The movie “Hysteria” is a hilarious romp through hysterical Victorian England. It chronicles the invention of the electric vibrator through the course of many doctor-supervised orgasms. The costumes alone are worth the price of admission, but the dialogue is witty and sharp, and the story is compelling.
From my late teens onward, I was enthralled by the notion of feminine hysteria, that catch-all description for any and all traits deemed disagreeable by those on the planet who were not female. Melancholia. Nymphomania. General malaise. A contrary nature. Pretty much anything could be deemed hysteria, a condition caused by the displacement of the uterus that only, um, stimulation could correct. Women regularly visited doctors to achieve medically administered orgasms to treat hysterical symptoms. It led to the invention of the vibrator, a sex toy that was prescribed for hysteria until the 1950′s.
I guess I wanted to see the movie because I had a sex toy in my attic for years. I still can’t believe how it got there.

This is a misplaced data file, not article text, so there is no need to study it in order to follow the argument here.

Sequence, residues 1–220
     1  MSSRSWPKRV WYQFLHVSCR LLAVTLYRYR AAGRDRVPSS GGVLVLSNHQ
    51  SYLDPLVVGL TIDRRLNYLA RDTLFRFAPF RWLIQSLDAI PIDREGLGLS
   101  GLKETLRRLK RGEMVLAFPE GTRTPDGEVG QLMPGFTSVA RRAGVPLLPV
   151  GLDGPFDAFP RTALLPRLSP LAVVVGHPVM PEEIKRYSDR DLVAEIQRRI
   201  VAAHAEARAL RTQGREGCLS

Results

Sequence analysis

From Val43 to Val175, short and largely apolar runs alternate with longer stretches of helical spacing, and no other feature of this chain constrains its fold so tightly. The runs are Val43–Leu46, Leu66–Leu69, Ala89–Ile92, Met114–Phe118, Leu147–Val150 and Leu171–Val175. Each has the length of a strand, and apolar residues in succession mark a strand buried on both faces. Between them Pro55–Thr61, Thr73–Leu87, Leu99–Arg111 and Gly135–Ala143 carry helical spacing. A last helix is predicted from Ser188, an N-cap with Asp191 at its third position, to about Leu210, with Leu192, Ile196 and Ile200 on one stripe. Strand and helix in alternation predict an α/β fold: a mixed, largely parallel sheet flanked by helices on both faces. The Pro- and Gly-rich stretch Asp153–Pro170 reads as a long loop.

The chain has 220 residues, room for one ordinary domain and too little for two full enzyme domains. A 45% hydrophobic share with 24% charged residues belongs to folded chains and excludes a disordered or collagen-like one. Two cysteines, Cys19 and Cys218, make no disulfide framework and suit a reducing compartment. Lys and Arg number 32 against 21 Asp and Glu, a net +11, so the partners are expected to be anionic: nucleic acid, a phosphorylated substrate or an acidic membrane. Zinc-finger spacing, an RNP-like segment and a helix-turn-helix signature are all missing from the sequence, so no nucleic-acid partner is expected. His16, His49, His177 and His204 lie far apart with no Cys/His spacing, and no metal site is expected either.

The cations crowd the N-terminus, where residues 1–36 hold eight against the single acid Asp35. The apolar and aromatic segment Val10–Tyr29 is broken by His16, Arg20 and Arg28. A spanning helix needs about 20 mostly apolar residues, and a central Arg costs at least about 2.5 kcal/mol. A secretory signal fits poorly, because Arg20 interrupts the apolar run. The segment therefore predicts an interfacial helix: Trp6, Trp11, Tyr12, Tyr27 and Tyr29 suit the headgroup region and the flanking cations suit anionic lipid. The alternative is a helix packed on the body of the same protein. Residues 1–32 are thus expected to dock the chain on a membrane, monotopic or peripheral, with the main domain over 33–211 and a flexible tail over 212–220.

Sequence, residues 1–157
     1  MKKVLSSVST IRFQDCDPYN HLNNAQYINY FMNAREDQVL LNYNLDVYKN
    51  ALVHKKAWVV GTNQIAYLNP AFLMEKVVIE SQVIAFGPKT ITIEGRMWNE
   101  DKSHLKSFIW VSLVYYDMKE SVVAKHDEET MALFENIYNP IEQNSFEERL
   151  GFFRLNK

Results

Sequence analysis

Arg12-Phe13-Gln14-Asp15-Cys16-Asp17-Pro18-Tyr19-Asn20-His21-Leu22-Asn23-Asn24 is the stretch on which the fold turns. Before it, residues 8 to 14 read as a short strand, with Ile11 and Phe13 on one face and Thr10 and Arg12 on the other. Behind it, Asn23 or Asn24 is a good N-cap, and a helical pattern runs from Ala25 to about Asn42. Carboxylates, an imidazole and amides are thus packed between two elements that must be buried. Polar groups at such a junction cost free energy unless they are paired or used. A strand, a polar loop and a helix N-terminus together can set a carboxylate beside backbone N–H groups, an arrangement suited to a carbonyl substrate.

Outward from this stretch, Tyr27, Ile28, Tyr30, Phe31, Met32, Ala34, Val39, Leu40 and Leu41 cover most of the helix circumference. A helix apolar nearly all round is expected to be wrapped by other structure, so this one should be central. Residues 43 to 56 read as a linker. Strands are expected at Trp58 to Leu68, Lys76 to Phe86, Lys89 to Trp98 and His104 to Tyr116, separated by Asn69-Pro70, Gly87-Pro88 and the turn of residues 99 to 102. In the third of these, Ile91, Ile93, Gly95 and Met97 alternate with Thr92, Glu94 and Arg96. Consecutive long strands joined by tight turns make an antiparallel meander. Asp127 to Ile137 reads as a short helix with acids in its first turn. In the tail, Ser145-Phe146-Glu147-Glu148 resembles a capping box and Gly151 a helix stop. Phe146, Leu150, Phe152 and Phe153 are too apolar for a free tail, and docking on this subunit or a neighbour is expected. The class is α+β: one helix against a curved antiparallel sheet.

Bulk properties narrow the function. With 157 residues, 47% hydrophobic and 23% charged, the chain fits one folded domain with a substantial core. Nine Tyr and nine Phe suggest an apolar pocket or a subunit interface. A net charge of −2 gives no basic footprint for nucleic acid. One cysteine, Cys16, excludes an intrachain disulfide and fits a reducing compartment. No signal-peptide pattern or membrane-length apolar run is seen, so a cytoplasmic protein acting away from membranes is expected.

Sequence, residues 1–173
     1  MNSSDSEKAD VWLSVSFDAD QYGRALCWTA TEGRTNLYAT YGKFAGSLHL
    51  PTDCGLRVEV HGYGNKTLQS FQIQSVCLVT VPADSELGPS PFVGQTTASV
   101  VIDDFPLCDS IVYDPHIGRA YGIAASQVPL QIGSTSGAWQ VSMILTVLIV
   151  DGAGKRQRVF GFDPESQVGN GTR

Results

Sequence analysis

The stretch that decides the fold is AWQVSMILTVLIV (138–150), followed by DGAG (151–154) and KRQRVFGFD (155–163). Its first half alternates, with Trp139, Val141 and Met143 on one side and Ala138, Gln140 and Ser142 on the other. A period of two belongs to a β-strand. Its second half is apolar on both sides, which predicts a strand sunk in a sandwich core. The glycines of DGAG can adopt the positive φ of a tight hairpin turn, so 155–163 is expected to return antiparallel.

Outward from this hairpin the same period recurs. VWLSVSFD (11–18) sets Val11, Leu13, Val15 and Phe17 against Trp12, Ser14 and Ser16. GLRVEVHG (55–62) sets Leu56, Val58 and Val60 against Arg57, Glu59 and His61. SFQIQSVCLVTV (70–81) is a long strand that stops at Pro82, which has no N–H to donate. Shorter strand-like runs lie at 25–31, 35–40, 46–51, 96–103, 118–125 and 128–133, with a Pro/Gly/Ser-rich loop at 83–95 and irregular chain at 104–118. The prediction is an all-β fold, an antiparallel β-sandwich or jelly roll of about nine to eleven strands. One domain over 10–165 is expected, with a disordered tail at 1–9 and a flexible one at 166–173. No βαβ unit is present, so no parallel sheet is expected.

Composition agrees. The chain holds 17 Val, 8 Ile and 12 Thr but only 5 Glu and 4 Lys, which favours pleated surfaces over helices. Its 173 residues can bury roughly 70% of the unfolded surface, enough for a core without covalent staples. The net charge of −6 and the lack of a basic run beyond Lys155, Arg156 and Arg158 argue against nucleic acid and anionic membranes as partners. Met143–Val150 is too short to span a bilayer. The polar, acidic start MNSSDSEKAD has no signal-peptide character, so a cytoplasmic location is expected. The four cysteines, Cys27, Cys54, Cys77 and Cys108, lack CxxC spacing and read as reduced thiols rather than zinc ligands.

My ex worked for a certain shipping company that you’d recognize by their brown vans and brown uniforms. Everything had to be loaded onto the trucks and off the floor by a certain time, or management faced sanction. If my ex and his managerial team couldn’t get everything loaded, they put stray packages in the trunks of their cars to avoid detection during inspection, slipping them into the shipping roundup the following day.
One afternoon, I came home from a long day of work to find a plain box on my dining table. No return address. No markings. A name I did not recognize. Open it my ex instructed. Inside, I found a humongous, turgid man tool shaped vibrator.
I screamed and ran out of the room like I’d opened the box to find it full of rats, my ex’s laughter following me out of the house. I don’t care WHAT you do with that thing, but I don’t EVER want to see it again.
And, I didn’t.
Until I was packing up my first house to move.
My ex and I had been divorced for several years, all vestiges of him wiped from my life. Except for his toy lingering in the attic. After all, toys in the attic are much like skeletons in the closet, arent’ they?